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Deal Set for Three Bay Area Papers

San Jose Mercury News and other publications would go to MediaNews in a $1-billion accord.

April 27, 2006|Joseph Menn and James Rainey | Times Staff Writers

William Dean Singleton will acquire three California papers and one in Minnesota being sold by McClatchy Co. in a $1-billion deal that will dramatically expand his company's presence in the Bay Area and cement his position as the Golden State's biggest daily newspaper publisher.

McClatchy said Wednesday that it would sell the San Jose Mercury News and Contra Costa Times to Singleton's privately held MediaNews Group Inc., and the Monterey County Herald and St. Paul, Minn., Pioneer Press to Hearst Corp., publisher of the San Francisco Chronicle and Singleton's biggest remaining Bay Area competitor.

Hearst, in turn, would then give those papers to Singleton in exchange for an undisclosed stake in MediaNews' holdings outside the San Francisco area.

Denver-based MediaNews already owns nine Bay Area papers, including the Oakland Tribune and the Fremont Argus. If approved by regulators, the deal would more than double MediaNews' daily circulation in the area to about 730,000 papers. The Chronicle sells about 420,000 papers a day.

The proposed deal, the result of three weeks of intensive negotiations, has two of the 54-year-old Singleton's hallmarks. It allows him to save money by combining resources at newspapers that are close to each other, and it has the potential to soften the competition from a well-financed neighbor.

Singleton, known for cutting staff to improve the bottom line, said Wednesday that he had no immediate plans to eliminate jobs at the papers.

"There is certainly nothing in the works today to do that, but if there are consolidation opportunities that make sense, I'm sure that local management will look at them," Singleton said.

In an upbeat speech to Mercury News staffers, he described the paper as the crown jewel in a chain that was itself "the crown jewel of the newspaper industry," referring to Knight Ridder Inc.

The deal is the first by Sacramento-based McClatchy since it announced March 13 that it planned to buy San Jose-based Knight Ridder and sell 12 of Knight Ridder's 32 papers to pay down the debt. The stock and cash deal for the nation's second-largest newspaper chain in terms of circulation is now valued at around $4.3 billion, not including $2 billion in assumed debt.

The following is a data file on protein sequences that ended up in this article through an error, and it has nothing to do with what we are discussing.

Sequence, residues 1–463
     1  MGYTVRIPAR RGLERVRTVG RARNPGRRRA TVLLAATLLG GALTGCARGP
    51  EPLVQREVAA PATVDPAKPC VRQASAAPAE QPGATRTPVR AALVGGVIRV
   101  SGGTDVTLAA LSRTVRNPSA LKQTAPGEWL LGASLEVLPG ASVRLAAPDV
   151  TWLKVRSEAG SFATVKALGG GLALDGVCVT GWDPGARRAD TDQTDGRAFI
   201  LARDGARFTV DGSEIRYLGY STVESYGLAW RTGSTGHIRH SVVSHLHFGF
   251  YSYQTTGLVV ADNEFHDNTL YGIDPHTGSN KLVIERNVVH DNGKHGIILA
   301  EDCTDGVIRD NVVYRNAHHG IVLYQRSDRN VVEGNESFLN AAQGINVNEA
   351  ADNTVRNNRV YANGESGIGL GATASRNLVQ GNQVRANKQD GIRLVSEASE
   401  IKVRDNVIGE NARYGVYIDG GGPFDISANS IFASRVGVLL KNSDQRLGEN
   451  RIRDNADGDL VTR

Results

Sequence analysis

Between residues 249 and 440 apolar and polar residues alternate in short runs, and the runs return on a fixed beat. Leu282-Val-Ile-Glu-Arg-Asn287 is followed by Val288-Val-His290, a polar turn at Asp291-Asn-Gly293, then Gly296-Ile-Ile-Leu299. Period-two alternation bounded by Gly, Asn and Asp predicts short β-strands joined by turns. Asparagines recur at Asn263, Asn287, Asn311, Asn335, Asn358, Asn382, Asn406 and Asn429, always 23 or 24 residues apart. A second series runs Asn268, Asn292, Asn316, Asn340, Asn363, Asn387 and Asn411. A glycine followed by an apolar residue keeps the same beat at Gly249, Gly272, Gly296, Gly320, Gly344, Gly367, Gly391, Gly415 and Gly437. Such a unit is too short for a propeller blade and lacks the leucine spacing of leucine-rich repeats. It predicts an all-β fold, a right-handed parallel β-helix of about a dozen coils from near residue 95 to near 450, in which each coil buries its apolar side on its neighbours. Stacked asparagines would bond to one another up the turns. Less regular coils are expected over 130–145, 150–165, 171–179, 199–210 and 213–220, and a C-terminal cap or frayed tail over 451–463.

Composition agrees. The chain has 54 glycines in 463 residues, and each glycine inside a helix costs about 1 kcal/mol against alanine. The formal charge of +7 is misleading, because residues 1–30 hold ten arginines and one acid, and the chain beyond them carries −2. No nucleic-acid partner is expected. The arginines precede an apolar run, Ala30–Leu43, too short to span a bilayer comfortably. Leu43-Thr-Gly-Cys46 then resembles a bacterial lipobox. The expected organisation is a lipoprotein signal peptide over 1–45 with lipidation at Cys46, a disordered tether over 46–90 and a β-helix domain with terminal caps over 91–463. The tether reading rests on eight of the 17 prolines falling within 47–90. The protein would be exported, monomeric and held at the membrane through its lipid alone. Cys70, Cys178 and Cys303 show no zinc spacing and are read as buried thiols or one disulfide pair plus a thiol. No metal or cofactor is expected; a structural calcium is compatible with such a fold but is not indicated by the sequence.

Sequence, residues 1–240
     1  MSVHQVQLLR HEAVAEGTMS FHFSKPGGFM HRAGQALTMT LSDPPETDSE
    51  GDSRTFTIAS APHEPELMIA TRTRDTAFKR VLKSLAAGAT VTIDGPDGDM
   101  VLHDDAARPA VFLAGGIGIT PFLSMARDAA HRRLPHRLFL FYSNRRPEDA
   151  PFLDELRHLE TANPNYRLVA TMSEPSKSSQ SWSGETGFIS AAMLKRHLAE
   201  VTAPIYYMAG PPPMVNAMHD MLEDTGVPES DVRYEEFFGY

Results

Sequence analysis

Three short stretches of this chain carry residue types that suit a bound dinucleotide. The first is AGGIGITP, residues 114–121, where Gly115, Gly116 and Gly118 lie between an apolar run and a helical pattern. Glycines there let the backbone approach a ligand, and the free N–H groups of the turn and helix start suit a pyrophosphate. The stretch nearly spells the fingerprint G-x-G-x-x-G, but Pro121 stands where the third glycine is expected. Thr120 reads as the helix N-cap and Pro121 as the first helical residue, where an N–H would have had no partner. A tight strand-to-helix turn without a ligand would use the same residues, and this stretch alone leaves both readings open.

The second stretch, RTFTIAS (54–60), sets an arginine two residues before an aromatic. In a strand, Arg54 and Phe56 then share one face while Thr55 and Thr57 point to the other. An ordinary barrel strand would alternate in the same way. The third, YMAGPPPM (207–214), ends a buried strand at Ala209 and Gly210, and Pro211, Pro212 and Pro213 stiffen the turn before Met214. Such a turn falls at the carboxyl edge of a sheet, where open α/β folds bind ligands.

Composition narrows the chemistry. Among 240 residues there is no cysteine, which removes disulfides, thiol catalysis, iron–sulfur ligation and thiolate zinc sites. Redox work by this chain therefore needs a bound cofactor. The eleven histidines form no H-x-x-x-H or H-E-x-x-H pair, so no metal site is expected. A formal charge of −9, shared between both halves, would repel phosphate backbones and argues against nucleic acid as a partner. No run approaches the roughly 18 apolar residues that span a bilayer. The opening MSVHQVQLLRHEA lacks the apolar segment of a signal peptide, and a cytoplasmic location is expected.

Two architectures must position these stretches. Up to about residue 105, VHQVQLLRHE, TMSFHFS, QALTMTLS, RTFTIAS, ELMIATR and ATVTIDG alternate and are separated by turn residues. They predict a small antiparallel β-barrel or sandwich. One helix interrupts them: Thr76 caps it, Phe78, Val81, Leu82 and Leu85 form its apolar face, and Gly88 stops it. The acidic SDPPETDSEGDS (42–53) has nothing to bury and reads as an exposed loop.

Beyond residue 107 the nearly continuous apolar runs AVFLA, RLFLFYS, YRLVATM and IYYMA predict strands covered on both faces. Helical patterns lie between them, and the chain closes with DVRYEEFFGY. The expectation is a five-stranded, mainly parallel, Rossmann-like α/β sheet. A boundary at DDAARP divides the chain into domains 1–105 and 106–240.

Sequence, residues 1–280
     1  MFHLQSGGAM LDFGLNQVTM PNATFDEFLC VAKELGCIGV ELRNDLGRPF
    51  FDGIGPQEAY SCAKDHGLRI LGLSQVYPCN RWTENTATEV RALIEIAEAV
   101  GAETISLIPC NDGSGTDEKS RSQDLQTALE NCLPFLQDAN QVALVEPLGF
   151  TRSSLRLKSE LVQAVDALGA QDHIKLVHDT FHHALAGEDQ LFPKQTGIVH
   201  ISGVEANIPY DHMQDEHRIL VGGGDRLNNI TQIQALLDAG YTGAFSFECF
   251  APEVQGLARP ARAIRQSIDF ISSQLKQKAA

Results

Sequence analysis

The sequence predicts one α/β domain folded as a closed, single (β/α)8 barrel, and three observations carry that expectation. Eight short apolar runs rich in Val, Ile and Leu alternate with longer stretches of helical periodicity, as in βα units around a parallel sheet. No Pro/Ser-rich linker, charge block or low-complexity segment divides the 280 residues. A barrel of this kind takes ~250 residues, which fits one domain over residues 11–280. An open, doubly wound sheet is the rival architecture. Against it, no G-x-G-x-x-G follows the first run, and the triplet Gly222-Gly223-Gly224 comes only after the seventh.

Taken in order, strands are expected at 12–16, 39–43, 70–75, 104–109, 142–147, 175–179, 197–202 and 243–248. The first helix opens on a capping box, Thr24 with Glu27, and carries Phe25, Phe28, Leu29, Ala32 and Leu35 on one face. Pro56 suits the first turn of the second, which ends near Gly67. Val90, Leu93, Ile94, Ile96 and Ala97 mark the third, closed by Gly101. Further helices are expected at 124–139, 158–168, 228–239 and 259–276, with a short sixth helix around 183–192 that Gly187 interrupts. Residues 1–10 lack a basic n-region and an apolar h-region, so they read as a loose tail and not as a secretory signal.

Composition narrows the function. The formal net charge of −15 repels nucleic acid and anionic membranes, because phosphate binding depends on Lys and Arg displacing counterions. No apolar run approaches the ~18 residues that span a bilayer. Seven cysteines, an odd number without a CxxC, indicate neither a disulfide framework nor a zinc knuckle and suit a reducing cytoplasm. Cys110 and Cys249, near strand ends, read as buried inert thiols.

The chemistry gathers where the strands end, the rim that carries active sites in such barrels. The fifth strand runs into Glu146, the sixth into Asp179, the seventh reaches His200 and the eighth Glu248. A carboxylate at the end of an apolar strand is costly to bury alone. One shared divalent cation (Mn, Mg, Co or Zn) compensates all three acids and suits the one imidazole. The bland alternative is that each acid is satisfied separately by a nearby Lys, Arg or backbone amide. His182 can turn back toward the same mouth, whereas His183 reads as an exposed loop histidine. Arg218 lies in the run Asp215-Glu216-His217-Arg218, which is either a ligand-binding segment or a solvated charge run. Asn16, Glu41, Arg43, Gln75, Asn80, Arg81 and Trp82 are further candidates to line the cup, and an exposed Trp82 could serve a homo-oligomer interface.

McClatchy said it would net $700 million from the Singleton deal after taxes.

"We made this deal because it offered the opportunity to achieve a good price and a timely deal, and it represents a big step toward achieving certainty for these papers and for McClatchy and its shareholders," Chief Executive Gary Pruitt said.

The price "proves there's life for the newspaper business," said analyst Edward Atorino of Benchmark Co.

It also could stop the long slide in newspaper stocks, which have fallen as the industry struggles with stagnant circulation and declining ad sales.

"It's a positive signal," said John Miller, a money manger at Ariel Capital Management, one of McClatchy's largest shareholders.

The sale of the four papers is a blow to local groups that wanted to bid on the Monterey and St. Paul papers, and to a joint effort by a newspaper employees' union and Los Angeles investor Ron Burkle to buy all 12 papers.

Among the papers still up for grabs are Knight Ridder's largest, the Philadelphia Inquirer, and papers in Duluth, Minn., and Akron, Ohio. With five bidders interested in the Inquirer, it's possible that Burkle's Yucaipa Cos. will end up with none of the publications, according to people with knowledge of the talks. Officials at Yucaipa didn't return calls seeking comment.

Many at the unionized Mercury News were rooting for Burkle, but employees said they would be nervous no matter who won the bidding.

"I'm certainly worried about the future," business writer Matt Marshall said. "I actually am thinking about leaving."

Jack Fisher, a Mercury News arts writer and union official, said he and his colleagues thought Singleton "was going to own everything but the Chronicle, and at the end he's got [Hearst] involved as well. They were the leading candidate to bring an antitrust complaint, and now they're on board with him."

The Justice Department and California Atty. Gen. Bill Lockyer are reviewing McClatchy's original deal with Knight Ridder. McClatchy said Wednesday that the Justice Department had requested additional information about its acquisition of the St. Paul newspaper. Although the company said concerns about that deal become moot with the sale of the Pioneer Press to Hearst, the request extends the time the Justice Department can take before deciding whether to oppose the deal.

Any concerns about anti-competitive forces in the Bay Area would have to be resolved by MediaNews, McClatchy officials said.

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